A look at income: male vs. female ob/gyns

August 1, 2007

Income equity is well within reach for female ob/gyns, according to a study in Obstetrics and Gynecology (05/2007). Despite years of gender inequality in income among ob/gyns, the most recent available data demonstrates that "male and female obstetrician-gynecologists who practice in the same manner appear to receive the same incomes."

Income equity is well within reach for female ob/gyns, according to a study in Obstetrics and Gynecology (05/2007). Despite years of gender inequality in income among ob/gyns, the most recent available data demonstrates that "male and female obstetrician-gynecologists who practice in the same manner appear to receive the same incomes."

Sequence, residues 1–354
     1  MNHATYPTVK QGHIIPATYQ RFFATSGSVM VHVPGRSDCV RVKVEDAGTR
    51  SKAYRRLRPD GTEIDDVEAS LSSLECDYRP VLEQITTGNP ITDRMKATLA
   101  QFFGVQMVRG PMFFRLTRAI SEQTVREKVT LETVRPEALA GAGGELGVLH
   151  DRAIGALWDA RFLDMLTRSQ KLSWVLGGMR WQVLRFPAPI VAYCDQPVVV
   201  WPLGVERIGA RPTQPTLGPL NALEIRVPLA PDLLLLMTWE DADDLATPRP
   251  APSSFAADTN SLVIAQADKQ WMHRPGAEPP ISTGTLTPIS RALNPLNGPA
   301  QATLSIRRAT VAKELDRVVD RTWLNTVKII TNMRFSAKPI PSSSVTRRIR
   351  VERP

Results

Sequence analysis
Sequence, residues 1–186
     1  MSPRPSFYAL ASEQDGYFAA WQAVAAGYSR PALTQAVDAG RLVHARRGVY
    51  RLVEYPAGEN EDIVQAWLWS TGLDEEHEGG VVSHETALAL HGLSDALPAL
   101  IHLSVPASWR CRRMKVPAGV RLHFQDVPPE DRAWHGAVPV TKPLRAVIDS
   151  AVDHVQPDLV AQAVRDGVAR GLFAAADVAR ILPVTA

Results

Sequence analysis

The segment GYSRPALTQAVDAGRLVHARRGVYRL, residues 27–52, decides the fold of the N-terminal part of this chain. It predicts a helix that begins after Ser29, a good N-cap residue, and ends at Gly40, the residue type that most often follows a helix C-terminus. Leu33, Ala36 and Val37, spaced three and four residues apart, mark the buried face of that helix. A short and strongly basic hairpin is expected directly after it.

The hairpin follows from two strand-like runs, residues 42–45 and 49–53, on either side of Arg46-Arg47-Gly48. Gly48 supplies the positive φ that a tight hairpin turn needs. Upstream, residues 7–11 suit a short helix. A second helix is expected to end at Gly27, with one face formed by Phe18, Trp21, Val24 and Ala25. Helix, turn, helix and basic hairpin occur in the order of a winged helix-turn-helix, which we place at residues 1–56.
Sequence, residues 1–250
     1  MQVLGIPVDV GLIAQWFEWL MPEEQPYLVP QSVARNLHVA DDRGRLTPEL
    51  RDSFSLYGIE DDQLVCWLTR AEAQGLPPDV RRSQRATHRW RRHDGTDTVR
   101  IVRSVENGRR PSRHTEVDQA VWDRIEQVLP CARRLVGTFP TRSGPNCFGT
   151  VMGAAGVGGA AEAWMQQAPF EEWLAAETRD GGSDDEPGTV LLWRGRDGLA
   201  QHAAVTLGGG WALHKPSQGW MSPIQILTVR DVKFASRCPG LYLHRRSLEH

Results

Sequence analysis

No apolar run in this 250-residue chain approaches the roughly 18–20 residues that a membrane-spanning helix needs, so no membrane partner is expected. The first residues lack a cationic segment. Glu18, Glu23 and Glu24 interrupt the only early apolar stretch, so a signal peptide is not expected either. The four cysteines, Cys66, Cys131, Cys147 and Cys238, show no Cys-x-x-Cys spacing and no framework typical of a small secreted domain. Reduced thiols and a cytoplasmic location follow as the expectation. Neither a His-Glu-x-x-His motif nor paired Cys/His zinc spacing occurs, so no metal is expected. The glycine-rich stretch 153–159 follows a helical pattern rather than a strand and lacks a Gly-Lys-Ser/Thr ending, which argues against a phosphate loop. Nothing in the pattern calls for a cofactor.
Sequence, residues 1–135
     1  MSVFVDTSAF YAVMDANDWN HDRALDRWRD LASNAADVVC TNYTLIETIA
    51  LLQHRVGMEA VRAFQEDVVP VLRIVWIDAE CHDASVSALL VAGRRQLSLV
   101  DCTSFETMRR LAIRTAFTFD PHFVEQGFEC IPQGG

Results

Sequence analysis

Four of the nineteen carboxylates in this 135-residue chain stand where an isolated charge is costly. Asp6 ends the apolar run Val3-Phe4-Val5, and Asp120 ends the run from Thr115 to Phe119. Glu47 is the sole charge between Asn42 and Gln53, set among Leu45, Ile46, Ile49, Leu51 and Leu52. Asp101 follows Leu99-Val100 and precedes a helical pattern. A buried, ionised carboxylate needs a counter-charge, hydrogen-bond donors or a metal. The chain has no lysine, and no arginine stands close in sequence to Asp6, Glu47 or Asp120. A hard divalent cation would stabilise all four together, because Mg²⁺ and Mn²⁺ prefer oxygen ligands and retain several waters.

How has this come about? The study found that, although female ob/gyns earned 20% to 25% less than their male colleagues, this income gap could be explained by gender differences in practice patterns and productivity. Male ob/gyns were more likely to be Fellows and to subspecialize; female ob/gyns were more likely to take salaried positions and less likely to work in private practice. In addition, among all ob/gyns studied, women worked 5% fewer hours, saw 8% fewer patients, and performed 14% fewer procedures per week than their male counterparts.

"Gender does not matter," wrote Jessica Wolpaw Reyes, PhD, the author of the study. "It is only when female obstetrician-gynecologists choose less financially rewarding practice arrangements or do less, (work fewer hours, see fewer patients, perform fewer procedures) that they earn lower incomes."